is prohibited in New Zealand under the Misuse of Drugs Act 1975. However, none of our cohort had received charges or convictions directly related to their Kamini or Barshasha use.
This may reflect that the focus of attention by law enforcement has been at the border. The following data, supplied by the National Drug Intelligence Bureau
New Zealand, reflects goods seized by customs at the international mail centre between 2017 and 2019.
Total annual seizures of Kamini 2017 – 2019 A B
A 2019 data is provisional and subject to change.
B There have been three seizures of Barshasha during this period, totalling 660 grams.
In early September, 2020, a police seizure of Kamini was made in the community in Auckland. As a result of the operation, two people have been charged with
importing and supplying opium (a class B controlled drug). Since this time, two new clients and one of the original group of men have presented to the South
Auckland OST clinic seeking assistance for Kamini dependence and reporting that they are now unable to source Kamini.
Given 50-90% of opioid-dependent clients will relapse to illicit opioid use within 12 months of weaning off OST,1 we encourage clients to remain on the lowest
effective dose of OST that allows them to function well in their lives. This usually requires reframing OST as being a medicine for a chronic condition, like insulin for a
person with diabetes. Once stable, clients can move into general practice shared care which can support greater flexibility around dosing, such as being observed to consume
their medication twice a week at the pharmacy and receiving the remainder of their medication as takeaway doses.
Adverse effects of long-term opioid treatment include constipation that can be managed with dietary modifications and laxatives. A class effect of long-term opioid use
is hypogonadism and low testosterone. As a partial opioid agonist, buprenorphine has less impact on testosterone levels than methadone or opium so an improvement in the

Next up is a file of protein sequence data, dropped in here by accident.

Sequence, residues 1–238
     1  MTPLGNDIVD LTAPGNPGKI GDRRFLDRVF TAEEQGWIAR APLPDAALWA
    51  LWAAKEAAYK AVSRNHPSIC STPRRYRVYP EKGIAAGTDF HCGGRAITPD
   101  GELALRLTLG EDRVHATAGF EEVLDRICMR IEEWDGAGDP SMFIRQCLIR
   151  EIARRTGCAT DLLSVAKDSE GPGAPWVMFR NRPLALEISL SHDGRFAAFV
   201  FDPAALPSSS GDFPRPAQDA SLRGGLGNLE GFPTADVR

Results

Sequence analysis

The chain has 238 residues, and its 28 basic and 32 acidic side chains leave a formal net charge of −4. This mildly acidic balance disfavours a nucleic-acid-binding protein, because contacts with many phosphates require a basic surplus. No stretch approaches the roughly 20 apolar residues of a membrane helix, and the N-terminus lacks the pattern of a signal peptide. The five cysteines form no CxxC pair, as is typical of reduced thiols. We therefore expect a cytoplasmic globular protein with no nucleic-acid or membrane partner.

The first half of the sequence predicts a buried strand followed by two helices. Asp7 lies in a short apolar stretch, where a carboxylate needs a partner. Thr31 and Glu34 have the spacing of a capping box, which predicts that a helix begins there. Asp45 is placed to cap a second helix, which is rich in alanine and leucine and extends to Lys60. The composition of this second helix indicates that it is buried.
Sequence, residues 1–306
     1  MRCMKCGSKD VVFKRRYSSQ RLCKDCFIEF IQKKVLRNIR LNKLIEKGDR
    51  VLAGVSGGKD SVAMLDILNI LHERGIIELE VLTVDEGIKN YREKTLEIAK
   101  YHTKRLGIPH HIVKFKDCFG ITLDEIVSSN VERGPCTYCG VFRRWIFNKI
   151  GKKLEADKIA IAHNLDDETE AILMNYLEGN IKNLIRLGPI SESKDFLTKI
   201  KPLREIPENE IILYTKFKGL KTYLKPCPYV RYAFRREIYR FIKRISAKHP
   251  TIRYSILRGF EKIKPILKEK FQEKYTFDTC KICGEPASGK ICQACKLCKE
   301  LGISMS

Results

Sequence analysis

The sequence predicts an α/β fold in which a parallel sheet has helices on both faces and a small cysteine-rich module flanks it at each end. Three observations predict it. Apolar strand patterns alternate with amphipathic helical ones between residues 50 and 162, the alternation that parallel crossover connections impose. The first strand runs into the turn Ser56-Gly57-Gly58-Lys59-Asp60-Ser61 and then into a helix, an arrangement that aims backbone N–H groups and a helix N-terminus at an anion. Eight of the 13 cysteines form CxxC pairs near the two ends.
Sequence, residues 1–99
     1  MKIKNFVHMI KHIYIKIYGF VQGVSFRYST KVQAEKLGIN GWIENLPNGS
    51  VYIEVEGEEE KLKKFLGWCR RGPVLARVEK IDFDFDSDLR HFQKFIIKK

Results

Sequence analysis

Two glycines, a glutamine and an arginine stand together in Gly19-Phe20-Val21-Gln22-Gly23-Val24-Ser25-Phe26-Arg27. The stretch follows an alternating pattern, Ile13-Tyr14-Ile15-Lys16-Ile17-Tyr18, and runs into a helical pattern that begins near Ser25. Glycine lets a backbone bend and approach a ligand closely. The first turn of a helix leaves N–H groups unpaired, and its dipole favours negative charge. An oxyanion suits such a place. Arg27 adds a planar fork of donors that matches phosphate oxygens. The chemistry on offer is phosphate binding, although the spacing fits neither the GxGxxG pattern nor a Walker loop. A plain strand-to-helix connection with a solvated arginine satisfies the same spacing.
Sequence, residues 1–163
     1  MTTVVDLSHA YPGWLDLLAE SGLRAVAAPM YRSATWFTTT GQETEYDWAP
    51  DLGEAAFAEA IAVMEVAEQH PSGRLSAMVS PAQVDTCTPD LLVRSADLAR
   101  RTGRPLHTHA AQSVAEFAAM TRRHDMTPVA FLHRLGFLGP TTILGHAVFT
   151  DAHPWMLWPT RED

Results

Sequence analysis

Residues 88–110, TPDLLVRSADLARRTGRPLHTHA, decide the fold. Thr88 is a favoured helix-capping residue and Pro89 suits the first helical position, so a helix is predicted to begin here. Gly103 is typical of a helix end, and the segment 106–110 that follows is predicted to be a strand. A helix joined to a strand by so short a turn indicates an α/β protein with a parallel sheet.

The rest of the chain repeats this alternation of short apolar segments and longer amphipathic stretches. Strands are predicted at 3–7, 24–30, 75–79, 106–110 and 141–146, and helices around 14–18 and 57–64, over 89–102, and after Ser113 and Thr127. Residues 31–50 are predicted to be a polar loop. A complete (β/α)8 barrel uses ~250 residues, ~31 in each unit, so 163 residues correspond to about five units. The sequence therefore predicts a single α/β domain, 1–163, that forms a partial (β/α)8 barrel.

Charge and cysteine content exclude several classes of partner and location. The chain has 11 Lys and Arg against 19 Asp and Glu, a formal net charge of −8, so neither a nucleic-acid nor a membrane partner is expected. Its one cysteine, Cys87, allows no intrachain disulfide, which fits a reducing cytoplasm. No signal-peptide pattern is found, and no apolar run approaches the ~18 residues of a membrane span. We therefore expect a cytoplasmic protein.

sexual functioning of our cohort on OST may be expected, though this has not been volunteered thus far. In men, hypogonadism can be managed with testosterone replacement
if symptomatic. Unfortunately, the treatment options for managing these difficulties in women are less well-established.
One of the most concerning risks of weaning off OST is the potential for accidental overdose. This occurs when clients relapse after a period of abstinence and does not
take into account their loss of tolerance to opioids, which occurs rapidly. Under these circumstances, a previous ‘typical’ dose can be fatal. This risk is further
increased by concurrent use of other central nervous system depressing agents such as alcohol or benzodiazepines which should also be only used with extreme caution
in the context of OST. We provide careful psycho-education to all our clients, including our Kamini cohort, about these risks.
We believe that our experiences in South Auckland are a timely reminder that herbal medications should not be assumed to be innocuous. We encourage clinicians to
ask all patients about herbal medication use and whether they experience any problems when they miss a dose or try to stop. Your local OST/community alcohol and
drug service would be of assistance with clients experiencing difficulties, particularly in those using Kamini and Barshasha.